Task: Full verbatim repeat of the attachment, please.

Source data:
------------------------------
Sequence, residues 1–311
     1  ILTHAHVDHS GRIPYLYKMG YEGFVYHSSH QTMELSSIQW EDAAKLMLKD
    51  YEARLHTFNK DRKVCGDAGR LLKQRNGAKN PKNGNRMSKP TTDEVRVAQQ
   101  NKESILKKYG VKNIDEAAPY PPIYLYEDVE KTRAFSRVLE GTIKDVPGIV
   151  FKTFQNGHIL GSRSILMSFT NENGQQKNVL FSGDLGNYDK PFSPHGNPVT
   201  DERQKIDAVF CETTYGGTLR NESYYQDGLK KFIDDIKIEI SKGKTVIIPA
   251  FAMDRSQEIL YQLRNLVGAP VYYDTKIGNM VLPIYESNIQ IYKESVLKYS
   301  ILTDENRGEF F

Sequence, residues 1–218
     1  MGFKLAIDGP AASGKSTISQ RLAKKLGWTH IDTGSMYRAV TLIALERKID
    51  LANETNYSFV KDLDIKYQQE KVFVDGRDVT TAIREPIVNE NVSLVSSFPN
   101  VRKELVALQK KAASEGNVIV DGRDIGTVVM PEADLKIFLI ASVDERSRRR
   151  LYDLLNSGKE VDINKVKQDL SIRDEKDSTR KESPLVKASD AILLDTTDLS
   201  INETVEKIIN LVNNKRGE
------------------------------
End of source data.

Sequence, residues 1–311
     1  ILTHAHVDHS GRIPYLYKMG YEGFVYHSSH QTMELSSIQW EDAAKLMLKD
    51  YEARLHTFNK DRKVCGDAGR LLKQRNGAKN PKNGNRMSKP TTDEVRVAQQ
   101  NKESILKKYG VKNIDEAAPY PPIYLYEDVE KTRAFSRVLE GTIKDVPGIV
   151  FKTFQNGHIL GSRSILMSFT NENGQQKNVL FSGDLGNYDK PFSPHGNPVT
   201  DERQKIDAVF CETTYGGTLR NESYYQDGLK KFIDDIKIEI SKGKTVIIPA
   251  FAMDRSQEIL YQLRNLVGAP VYYDTKIGNM VLPIYESNIQ IYKESVLKYS
   301  ILTDENRGEF F

Sequence, residues 1–218
     1  MGFKLAIDGP AASGKSTISQ RLAKKLGWTH IDTGSMYRAV TLIALERKID
    51  LANETNYSFV KDLDIKYQQE KVFVDGRDVT TAIREPIVNE NVSLVSSFPN
   101  VRKELVALQK KAASEGNVIV DGRDIGTVVM PEADLKIFLI ASVDERSRRR
   151  LYDLLNSGKE VDINKVKQDL SIRDEKDSTR KESPLVKASD AILLDTTDLS
   201  INETVEKIIN LVNNKRGE